Comfort Women Agreement Provokes Backlash In Korea, Responses

Park Geun-hye and Abe Shinzo shake hands following comfort women agreement.

Over the past few days, the agreement between the Japanese and South Korean governments on the issue of the comfort women has made global news.

The nations reached a bi-lateral agreement settling the contentious issue over whether the Japanese government forced Korean girls and women to act as military prostitutes during WWII. As part of the agreement, Japan will set up a fund of one billion yen ($8.3 million) for the former comfort women, and Korea will consider the issue resolved provided that this is adhered to.

But the agreement has provoked a strong backlash in South Korea from the comfort women and their supporters. It has also prompted reactions from other nations whose women were also used as sexual slaves for the Japanese military, including Taiwan, as well as a reaction from within Japan itself.

This article from Yahoo! Japan prompted thousands of online comments, which show a characteristic discontent with the agreement. Some netizens seemed to take a perverse delight in the conflict that the agreement has incited in South Korea, mockingly suggesting that it may well lead to a civil war.

But as has often been the case with the narrative of the comfort women, the women’s voices themselves increasingly go unheard, as do the myriad issues that go beyond the national political concerns of Japan and Korea.

From Yahoo! Japan:

“It Is Impossible To Agree On Anything More Than We Have”: South Korean President Asks For Understanding On Comfort Women Issue

On January 31, the Office of the President of the Republic of Korea published a message to the Korean people regarding the Japanese-Korean agreement on the issue of the comfort women which asked for understanding:”While it might be said that we should go back to the drawing board and not agree with what has been offered, we would like everyone to understand that there is no margin for the government to achieve anything more than this within the lifetimes of the former comfort women”.

Although President Park Geun-hye announced a message to the Korean people immediately after the agreement on December 28, she appealed to them again today following a strong reaction from the former comfort women and the groups that support them.

The message was delivered by Kim Seong-u, public relations secretary for the Office of the President. Kim stated that successive governments had ignored the comfort women issue, but emphasized that the current administration “had faced negotiations with an understanding of their critical nature, and had done so in order to protect national interests in a diplomatic climate akin to a battlefield in which there is no sound of gunfire”. Kim explained that “We had done everything in our power to secure an admission of responsibility from the Japanese government, as well their public remorse, and their apology. We deem this to be sufficient progress within the bounds of what was possible”.

Moreover, the message was critical as regards the opposition party, the former comfort women, and comfort women support groups: “Although up to this point we made no progress through the efforts of private citizens, the fact that there is now a public opinion brewing which seems to suggest that the government has negotiated in error is of absolutely no benefit to the women who have suffered”. The president called for people to take things in a positive light, saying that “What we must do now is form a binding agreement with the Japanese government on taking a straight look at the historical narrative, and make this an opportunity for both of our nations to move together toward a new future. We would like everyone to understand this in the context of the bigger picture, and to work together.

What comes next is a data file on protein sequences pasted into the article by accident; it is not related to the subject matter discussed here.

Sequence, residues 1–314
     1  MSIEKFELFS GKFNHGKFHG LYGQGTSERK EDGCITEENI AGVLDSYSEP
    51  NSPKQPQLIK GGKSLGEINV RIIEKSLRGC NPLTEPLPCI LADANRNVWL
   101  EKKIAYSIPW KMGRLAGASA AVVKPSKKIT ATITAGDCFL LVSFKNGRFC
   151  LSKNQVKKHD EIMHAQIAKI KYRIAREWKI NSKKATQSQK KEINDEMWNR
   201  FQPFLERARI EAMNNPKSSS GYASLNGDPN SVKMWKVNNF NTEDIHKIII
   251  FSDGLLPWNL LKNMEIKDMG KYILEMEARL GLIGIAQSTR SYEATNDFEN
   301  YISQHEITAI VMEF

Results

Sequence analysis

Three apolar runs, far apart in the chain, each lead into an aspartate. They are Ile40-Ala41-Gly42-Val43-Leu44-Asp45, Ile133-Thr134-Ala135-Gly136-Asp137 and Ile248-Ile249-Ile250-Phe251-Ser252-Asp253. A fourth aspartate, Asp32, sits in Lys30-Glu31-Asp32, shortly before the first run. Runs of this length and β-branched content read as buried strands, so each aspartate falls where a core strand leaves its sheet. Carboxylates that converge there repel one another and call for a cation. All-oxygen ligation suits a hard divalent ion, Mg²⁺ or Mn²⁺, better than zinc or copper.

Comments from Yahoo! Japan [in order of most upvoted]


It is completely intolerable that we form an agreement over a non-existent issue.


It seems like things are going to go sour in the country now, but things had been pretty weird up to now so not much we can do about it.


This is awful.


Looks like it’s time to pay for all the credit they used up doing things when it was convenient for them.


Payback for all the times they rehashed an issue that had already come to an end.


So unless they withdraw from the agreement there will be no progress? The ball is in their court.


Come on, this issue has already been dealt with. Withdraw from the agreement immediately, please.


Yeah, it’s impossible to agree on anything more than this, and it’s impossible for us to be involved with Korea any further.


It’s even worse than it was before now.
It’s impossible that things will get better.

red arrow:

I’m sure there are some good people among them, but in Korea there is just too much anti-Japanese sentiment.

Comments from


Dissent among the ranks?


Hah, Korea is in tatters w


So does this mean that the Korean government intends to reconcile with Japan?


The government has now turned its anger on those crazy whores wwww


Seems like there are usually some fakes in among the prostitutes who are complaining.


Looks like this might start a civil war www


Umm, kinda seems to me that the gooks greatest enemy is the gooks themselves? [NB: Commenter uses the now derogatory term “chosenjin” which was the name for a Korean during the Japanese Occupation of Korea (1910 – 1945).]


To put it bluntly, the comfort women are just excess baggage to both the South Korean and the Japanese governments.


They’re getting their just desserts now.
You reap what you sow.
They got governmental support through their anti-Japanese sentiment, so now there’s a friction between their foreign diplomacy and their domestic affairs.


This is awful. The SK government used the comfort women as much as they could, and then at the last moment they just cast them aside.

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